SOMEBODY left a full quart can of Zinzer's shellac in a precarious and
metastable position in my shop. Gravity won, the lid failed.
Now I've got a quart of shellac on the linoleum floor in my small
shop, which has sat a day or two. I've soaked up all the still-liquid
phase that I can, but there's a big mess of tacky to dried shellac.
Aside from the obvious solution (pun?) of soaking the spill in
alcohol, is there a better way?
Any help appreciated.
The first thing I'd try is to let it dry completely and then use a
cabinet scraper with a very slight hook to chip it off the lino. It
shouldn't have soaked in...
After that, I'd use denatured ethyl to dissolve it and mop it up. Full
ventilation, with fan(s) running.
Either you're talking about some mysterious synthetic "shellac" or
you're dealing with liquid shellac that's already dissolved in alcohol
(taking advantage of the fact that alcohol is miscible in acetone),
otherwise I'd have to take issue with that statement.
I spent many years messing around with automotive and marine finishing
products, and in that time I'd concluded that acetone and/or lacquer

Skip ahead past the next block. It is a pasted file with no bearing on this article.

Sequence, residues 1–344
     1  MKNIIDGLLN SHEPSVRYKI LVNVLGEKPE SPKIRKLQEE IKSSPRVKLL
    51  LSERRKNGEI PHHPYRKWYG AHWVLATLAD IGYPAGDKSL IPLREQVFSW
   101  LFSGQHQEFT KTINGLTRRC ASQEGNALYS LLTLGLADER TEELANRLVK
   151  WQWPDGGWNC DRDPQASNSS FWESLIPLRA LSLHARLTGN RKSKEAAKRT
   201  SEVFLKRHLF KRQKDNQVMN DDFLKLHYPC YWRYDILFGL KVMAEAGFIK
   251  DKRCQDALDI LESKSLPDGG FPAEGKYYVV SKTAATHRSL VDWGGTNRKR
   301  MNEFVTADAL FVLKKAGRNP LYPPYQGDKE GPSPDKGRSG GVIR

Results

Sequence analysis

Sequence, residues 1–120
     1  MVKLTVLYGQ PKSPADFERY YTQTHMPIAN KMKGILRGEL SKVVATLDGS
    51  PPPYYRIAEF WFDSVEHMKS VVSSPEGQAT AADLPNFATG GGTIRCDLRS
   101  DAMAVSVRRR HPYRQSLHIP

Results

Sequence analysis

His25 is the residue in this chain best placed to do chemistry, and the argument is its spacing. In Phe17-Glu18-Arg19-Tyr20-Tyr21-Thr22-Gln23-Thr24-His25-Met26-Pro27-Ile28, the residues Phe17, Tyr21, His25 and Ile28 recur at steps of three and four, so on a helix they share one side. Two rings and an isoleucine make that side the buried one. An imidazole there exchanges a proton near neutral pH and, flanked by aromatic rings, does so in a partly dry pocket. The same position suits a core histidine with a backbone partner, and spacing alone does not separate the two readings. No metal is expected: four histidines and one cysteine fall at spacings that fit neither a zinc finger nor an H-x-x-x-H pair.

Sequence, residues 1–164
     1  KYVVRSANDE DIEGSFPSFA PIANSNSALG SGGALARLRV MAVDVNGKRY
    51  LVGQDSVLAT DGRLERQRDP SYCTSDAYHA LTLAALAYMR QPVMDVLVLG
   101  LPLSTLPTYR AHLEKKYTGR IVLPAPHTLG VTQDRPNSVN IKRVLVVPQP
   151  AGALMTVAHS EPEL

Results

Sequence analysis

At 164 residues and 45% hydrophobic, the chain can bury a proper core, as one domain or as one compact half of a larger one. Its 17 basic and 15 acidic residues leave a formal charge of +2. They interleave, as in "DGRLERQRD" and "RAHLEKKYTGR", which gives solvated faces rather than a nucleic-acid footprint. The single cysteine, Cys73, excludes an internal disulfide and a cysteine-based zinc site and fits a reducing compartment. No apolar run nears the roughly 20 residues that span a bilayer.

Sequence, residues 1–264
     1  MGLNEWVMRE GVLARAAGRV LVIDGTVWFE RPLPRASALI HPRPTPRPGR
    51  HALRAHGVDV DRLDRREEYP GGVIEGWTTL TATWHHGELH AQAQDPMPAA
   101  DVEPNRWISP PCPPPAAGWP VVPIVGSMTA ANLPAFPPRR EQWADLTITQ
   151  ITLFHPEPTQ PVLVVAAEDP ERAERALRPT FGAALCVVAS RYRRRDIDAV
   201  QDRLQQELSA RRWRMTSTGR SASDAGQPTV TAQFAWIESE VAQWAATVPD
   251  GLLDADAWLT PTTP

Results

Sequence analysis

thinner were the granddaddy of all finishing solvents. Except for some
of the fancier catalyzed polyurethane or epoxies, you could even use
acetone to dissolve and remove most other cured finishes. I kept
copious amounts of lacquer thinner around the shop; there was no job it
couldn't tackle! That is, until I started turning my attention towards
There'd been a few pieces of old furniture I'd tried to strip and
refinish, first with lacquer thinner, then with various paint strippers
when the lacquer thinner didn't work. What the hell; why won't this
crap come off?! I still remember the day (on probably my third piece of
old furniture, when faced with resorting to sandpaper AGAIN) that I
realized this was no ordinary finish, this was shellac! When I began to
apply a generous helping of denatured alcohol, the heavens parted, the
light shone down upon the workpiece, and the shellac was melted away.
Hallelujah! Is there nothing alcohol can't do? :-)
Incidentally, I was on my way out to the shop when I read your post, and
thinking maybe I'd lost my mind again I decided to drop a small chunk of
garnet shellac into a jar of acetone. After an hour and a half... nothing.
See Nad. See Nad go. Go Nad!
To reply, eat the taco.
Also, if the floor really IS linoleum (unlikely, but possible) there's
asphalt in it, and acetone will hurt the floor. Maybe it's really
Instead of dissolving quick, you might consider dissolving agents
that don't evaporate or create a fire hazard. Start with some
then quickly pour a little glycerine on it. Glycerine is a heavy
it (eventually) dissolves most things that are alcohol-soluble, but it
evaporate in minutes, so you can wipe it up at leisure. Some
cellulose-type cat litter spread on the oily glycerine gunk, then
moved around and swept up, can be a good cleaning strategy.
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